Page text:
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Is it better to be smart or socially skilled in the workplace?

Big question for careers. Is it better to be SMART or SOCIALLY SKILLED in the workplace? Do high intelligence people have better careers? Is it fatal to be socially awkward in the workplace?

Is Intelligence the Most Important Factor in Success?

Think of the Mensa people—they’re really smart people.

I’d never heard of Mensa International until the 80’s, when the president of an advertising agency I had recently hired, ceremoniously introduced me to Jerry, my new head writer—a card carrying super intelligent Mensa International member.

I had to scurry around to find someone who could clue me in to tell me who Mensa is. I found out that my Mensa guy was on the top rung of the IQ ladder at about 160 IQ points. In today’s terms, members of Mensa are extremely rare. Out of a planet of 7.5 million people, there are about 134,000 Mensa members, a very thin slice of humanity.

To finish my story about Jerry, my new Mensa team member, I’d have to say he was just a fair writer, not great, not good at seeing a good angle for a story. I ended up spending nights rewriting many of his articles. I think Jerry turned out to be a disappointed person. He thought his intelligence would take him a lot further than it did.

Will Social Skills Move Your Career Forward?

On the other hand, social skills are important, but they will only take you so far. I have a friend of several years who is one of the top guys in the car wash where I take our vehicles. He is one of the most naturally socially skilled people I have ever known. He knows just what to say in any given situation and can tell a story with perfect timing. Although he has great social skills, he can’t escape the car wash to find a better job. Social skills can’t take him where he wants to go.

Giving People a Reason to Value You—Better Than Being Smart or Socially Skilled

As someone who is an expert at being the last person chosen for the 6th grade baseball team, I’m an authority on being the last guy picked.

I also know how you can go from last person chosen to the first person everyone wants on their team.

Let’s find out how:

What do you really bring to the table? What tips you off first that you don’t bring much to the table is when you’re assigned to a team, people don’t know how you’ll fit in or what you’ll do. When the time comes to cut budgets and lay people off, you’re at the top of the list because your skills can be combined with someone else’s duties, or worse yet—no one notices when you’re gone.

Having something of value to offer is like winning the lottery—you have to change your address and telephone number to escape the people trying to contact you. People in your organization will beat down your door when they find you have a meaningful, measurable skill that accomplishes goals and enables the team to complete their project successfully. Today sometimes technical wizards are the only ones who can make a project work—and people value them and don’t tend to cross them. Great marketing people with social media skills are hard to find and highly valued.

So spend some time today figuring out what are the things that people most value in what you do. You have more skills than you probably remember. Then figure out how you focus in on those skills and discover to whom they are valuable. Your skills are the money in your vault. Have skills and you can gain entrance into where you want to go. Without them, opportunity fades and people never know why.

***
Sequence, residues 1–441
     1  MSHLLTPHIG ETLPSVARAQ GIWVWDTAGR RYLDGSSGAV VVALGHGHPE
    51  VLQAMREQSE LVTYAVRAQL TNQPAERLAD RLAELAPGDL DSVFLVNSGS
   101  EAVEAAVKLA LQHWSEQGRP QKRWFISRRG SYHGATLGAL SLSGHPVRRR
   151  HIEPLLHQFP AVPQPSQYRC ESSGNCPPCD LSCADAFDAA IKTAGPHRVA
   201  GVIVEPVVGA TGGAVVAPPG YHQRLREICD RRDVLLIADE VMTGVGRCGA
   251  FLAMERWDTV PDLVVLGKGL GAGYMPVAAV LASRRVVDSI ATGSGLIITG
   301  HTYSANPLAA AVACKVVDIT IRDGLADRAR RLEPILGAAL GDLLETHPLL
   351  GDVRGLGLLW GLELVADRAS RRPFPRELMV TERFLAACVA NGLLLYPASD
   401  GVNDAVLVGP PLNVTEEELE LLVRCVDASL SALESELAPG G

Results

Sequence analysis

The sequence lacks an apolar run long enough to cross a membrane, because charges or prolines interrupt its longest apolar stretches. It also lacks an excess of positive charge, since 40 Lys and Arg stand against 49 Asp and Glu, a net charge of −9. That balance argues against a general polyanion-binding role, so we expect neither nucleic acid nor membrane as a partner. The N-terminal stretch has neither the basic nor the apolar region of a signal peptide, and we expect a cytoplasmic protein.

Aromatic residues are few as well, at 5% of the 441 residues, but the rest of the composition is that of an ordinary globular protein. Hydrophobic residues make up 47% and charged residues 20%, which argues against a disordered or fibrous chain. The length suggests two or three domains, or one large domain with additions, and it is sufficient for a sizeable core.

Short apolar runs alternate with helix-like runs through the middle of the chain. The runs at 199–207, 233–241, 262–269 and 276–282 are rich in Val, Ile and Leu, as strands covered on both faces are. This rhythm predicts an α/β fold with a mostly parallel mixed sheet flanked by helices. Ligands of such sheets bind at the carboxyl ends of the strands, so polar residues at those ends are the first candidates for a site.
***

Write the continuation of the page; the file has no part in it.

The ability to get things done. If you’re smart, short, young or long in the tooth, people value most what you get done. In the board room and c-suite sometimes we see jockeying for position as more important than the success of the organization, which is alarming. Sometimes whole employee populations realize that they have to launch a new service or a product to survive, but they’re stuck in their present process and the values of yesteryear. Even socially awkward people of average intelligence succeed when they get the team across the goal line to win.

Intelligence Can Be Important. Intelligence can be a great asset in the workplace. Albert Einstein and Stephen Hawking are both thought to have IQ’s topping 200, keeping in mind that 120 IQ is a bright person. The average intelligence of a CEO is estimated at 135, which represents a gifted, highly intelligent person.

At the same time, focus and determination are more important than intelligence. Like it or not, approve or disapprove, high net worth people focus on basics such as a product or service in a space where there is already an established need. They are focused on revenues and expenses. Few are interested in nuance or subtleties. Intelligence can throw a person off course and distract them from the basics of earnings and profit. Don’t ever believe your success will be because you’re the smartest person in the room. Marketable skills and the ability to execute are much more important than high intelligence.

You Need Social Skills to Move Up and Survive. If two people have about the same skills and abilities, the more highly socially skilled is more likely to move up quickly and survive readily. Emotional Quotient (EQ) doesn’t always top IQ, although conventional wisdom says it does, but without social skills, geniuses often don’t survive.

IQ has often been thought of as hard wired, but we now know that IQ scores can rise in people who are life-long learners fueled by curiosity. Everyone should put themselves in the position of learning something that is difficult and challenging for them every year. Learning builds the synapses of the mind and increases mental capabilities.

*Mensa International and its logo are trademarks owned by Mensa.

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